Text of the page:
Science Node, a newsletter based in the U.S. and Europe that looks at the real-world impact of advanced computing and networks, just posted an interview with Larry Smarr about the importance of Science DMZs in advancing research. Developed by ESnet, the Science DMZ is a scalable network design model for optimizing science data transfers. The model has been endorsed by the National Science Foundation, which funds programs to build Science DMZs on university campuses.
Smarr, founding director of the California Institute for Telecommunications and Information Technology (Calit2), a UC San Diego/UC Irvine partnership, and the Harry E. Gruber professor in Computer Science and Engineering at UC San Diego, said in an ESnet article that ESnet “defined the Science DMZ and took it to the DOE science community. NSF has now cloned this approach through the CC-NIE program over the past three years. It’s been built out on over 100 campuses and these Science DMZs are all based on ESnet’s approach.”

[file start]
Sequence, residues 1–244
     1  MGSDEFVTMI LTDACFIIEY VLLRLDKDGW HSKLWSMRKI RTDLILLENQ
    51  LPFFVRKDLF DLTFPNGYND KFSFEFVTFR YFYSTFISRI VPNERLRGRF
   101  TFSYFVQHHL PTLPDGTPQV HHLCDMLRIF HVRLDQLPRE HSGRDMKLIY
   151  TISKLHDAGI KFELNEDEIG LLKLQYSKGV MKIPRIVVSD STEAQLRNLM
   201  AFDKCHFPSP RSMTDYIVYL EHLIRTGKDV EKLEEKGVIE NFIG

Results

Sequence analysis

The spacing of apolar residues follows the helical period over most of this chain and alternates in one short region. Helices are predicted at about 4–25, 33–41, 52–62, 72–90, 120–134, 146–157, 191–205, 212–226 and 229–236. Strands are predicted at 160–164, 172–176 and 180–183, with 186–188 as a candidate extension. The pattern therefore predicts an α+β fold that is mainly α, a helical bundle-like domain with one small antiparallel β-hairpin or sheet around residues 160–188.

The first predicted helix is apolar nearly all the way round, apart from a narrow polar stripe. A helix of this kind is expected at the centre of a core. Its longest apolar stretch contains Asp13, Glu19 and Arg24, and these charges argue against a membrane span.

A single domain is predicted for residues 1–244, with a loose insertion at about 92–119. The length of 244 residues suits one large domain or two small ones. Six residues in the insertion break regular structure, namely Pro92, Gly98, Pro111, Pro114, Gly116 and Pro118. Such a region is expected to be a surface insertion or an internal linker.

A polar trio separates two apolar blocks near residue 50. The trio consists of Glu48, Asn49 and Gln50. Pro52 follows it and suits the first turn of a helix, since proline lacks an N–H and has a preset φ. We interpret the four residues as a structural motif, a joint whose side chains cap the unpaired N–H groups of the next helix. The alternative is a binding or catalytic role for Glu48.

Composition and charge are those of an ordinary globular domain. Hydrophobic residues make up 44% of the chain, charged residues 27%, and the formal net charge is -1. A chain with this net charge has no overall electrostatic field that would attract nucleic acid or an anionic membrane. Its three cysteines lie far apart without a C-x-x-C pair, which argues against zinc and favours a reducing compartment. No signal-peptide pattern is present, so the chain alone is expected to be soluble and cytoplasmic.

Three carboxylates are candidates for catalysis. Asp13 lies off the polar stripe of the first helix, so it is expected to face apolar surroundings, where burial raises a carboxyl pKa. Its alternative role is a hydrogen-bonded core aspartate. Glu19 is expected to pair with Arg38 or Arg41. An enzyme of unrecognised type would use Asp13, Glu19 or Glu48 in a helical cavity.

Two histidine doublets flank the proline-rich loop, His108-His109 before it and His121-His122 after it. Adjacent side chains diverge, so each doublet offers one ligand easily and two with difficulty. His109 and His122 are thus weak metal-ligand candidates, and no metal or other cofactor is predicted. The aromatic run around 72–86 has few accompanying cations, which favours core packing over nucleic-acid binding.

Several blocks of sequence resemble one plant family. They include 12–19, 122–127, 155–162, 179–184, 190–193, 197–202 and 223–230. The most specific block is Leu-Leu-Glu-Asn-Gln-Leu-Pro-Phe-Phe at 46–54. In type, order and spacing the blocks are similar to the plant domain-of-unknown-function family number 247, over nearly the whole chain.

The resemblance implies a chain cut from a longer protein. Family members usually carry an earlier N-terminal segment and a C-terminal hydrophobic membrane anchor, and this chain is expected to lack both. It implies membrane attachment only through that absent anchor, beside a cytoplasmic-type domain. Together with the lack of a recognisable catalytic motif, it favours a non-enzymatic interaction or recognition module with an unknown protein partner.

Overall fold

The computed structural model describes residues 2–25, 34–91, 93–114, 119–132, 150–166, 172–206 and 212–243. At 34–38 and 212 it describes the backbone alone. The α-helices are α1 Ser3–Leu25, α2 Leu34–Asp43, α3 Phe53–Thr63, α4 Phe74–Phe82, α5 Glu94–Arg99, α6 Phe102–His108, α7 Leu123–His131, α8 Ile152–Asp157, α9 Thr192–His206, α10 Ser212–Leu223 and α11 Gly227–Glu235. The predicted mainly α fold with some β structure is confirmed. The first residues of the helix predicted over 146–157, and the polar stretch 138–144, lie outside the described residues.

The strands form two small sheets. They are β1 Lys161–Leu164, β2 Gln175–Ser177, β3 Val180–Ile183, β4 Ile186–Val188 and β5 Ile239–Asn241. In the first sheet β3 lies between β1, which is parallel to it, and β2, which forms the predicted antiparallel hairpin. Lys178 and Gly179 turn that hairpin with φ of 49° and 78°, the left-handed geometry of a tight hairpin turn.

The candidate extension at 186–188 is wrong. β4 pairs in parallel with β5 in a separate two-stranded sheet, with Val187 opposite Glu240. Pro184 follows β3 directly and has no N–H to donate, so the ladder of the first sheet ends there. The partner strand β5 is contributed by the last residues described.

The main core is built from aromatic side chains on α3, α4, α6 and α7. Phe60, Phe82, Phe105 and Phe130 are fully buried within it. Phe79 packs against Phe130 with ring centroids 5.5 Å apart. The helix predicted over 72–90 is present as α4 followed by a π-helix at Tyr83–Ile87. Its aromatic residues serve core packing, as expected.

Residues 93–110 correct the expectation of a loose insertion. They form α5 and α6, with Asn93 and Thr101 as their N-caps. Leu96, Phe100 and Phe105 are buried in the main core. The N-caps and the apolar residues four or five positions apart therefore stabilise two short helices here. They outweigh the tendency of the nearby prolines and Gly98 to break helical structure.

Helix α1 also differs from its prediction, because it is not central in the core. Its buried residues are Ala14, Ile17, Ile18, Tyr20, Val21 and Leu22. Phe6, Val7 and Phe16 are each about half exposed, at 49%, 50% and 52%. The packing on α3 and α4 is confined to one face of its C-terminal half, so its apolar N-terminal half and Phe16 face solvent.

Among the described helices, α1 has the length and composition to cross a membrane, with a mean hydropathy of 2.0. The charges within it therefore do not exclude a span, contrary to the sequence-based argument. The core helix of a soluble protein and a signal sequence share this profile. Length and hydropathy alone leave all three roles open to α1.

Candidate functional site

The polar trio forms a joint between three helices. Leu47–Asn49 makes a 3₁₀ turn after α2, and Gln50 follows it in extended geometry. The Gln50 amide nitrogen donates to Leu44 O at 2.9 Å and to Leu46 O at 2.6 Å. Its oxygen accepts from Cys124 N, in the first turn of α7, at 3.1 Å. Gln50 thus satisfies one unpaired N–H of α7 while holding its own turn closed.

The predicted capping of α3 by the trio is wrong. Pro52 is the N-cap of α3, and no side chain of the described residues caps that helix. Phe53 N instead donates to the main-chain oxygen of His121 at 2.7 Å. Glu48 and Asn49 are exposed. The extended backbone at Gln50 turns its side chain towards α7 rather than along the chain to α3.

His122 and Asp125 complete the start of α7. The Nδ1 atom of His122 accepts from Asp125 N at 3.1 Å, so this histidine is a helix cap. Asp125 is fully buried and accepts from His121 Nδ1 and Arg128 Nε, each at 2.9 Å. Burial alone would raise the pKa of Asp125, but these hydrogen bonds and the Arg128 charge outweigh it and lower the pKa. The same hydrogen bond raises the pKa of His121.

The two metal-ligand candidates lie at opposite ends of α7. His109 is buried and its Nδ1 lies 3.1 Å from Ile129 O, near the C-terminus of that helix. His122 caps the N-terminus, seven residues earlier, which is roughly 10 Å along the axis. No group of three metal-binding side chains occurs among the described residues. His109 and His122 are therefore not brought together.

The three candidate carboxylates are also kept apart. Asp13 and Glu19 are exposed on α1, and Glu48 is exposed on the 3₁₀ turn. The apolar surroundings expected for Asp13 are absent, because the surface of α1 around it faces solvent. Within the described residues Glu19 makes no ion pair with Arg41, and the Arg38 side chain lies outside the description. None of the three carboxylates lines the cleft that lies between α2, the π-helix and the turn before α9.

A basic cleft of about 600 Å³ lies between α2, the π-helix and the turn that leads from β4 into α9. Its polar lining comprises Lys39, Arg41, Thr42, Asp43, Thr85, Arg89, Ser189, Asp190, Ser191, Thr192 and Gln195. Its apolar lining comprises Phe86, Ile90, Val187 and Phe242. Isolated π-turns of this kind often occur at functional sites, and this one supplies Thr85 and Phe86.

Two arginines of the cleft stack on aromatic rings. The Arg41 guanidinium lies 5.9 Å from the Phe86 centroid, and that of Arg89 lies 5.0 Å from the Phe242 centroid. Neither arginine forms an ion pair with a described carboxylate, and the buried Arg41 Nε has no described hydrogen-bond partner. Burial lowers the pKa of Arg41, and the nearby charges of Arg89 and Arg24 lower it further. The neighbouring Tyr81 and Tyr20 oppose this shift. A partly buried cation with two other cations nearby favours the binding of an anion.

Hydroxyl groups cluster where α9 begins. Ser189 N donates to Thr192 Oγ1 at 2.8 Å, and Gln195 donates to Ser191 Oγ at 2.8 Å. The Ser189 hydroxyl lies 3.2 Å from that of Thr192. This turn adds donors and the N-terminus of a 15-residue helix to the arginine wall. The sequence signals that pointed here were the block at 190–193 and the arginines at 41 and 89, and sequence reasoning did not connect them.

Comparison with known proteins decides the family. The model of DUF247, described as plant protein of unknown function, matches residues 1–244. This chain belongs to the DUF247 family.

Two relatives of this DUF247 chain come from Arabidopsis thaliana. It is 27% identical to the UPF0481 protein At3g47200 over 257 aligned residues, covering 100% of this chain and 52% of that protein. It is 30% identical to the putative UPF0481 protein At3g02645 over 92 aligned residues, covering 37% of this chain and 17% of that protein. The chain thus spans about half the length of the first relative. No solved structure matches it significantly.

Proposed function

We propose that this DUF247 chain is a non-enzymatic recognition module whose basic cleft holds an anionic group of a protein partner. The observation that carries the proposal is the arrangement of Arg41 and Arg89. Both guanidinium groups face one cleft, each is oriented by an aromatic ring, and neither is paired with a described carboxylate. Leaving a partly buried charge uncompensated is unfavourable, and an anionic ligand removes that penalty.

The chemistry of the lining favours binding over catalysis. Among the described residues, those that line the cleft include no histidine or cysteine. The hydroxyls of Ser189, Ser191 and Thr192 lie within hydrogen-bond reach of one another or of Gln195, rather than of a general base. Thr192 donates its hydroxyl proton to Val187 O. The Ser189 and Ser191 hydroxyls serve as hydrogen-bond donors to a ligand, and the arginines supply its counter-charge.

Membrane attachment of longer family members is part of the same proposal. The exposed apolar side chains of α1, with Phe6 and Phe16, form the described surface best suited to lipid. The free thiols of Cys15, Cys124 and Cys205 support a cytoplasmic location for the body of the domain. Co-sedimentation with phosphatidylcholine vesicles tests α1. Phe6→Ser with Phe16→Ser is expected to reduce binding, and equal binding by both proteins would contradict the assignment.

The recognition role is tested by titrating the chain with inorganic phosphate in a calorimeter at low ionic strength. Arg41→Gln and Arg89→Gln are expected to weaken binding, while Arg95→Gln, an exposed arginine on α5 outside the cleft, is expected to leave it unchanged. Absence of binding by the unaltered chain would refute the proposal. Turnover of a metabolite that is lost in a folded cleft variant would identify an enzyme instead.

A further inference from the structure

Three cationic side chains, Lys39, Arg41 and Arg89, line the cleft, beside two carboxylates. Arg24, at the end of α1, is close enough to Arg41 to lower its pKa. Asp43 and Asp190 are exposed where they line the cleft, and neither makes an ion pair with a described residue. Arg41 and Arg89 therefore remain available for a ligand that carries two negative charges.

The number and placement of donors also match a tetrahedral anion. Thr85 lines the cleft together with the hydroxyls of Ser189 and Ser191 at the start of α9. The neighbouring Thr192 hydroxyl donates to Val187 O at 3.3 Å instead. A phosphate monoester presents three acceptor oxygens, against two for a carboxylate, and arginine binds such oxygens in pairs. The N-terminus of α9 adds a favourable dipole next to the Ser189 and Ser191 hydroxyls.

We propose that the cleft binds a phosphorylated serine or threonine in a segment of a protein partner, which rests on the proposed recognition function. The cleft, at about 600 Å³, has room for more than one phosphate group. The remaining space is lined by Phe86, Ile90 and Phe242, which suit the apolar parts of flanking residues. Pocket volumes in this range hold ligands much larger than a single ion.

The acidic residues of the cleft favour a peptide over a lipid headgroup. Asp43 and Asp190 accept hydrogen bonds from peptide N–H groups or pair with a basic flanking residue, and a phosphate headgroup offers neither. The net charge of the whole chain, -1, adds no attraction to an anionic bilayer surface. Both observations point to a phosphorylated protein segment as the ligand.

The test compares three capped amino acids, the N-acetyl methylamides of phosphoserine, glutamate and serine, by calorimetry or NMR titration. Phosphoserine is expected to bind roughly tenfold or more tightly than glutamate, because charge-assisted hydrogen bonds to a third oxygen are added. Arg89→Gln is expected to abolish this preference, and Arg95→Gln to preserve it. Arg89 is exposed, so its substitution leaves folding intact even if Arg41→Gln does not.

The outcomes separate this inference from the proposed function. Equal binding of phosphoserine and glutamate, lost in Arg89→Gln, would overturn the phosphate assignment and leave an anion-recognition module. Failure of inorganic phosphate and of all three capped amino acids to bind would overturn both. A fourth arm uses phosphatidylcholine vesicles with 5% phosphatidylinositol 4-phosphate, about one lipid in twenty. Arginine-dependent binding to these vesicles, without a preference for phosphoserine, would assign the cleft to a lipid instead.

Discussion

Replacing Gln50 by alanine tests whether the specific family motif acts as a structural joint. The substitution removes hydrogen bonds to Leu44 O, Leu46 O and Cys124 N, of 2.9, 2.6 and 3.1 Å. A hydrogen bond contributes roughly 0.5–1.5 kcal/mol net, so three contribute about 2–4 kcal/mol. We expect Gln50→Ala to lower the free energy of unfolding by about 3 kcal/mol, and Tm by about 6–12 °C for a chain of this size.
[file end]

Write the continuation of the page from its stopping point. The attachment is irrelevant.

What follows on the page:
Smarr is also the PI for the Pacific Research Platform, which will the Science DMZs of most of the research universities on the West Coast (the 10 University of California campuses, San Diego State University, Caltech, USC, Stanford, University of Washington) via three advanced networks: ESnet, CENIC’s California Research & Education Network (CalREN) and Pacific Wave.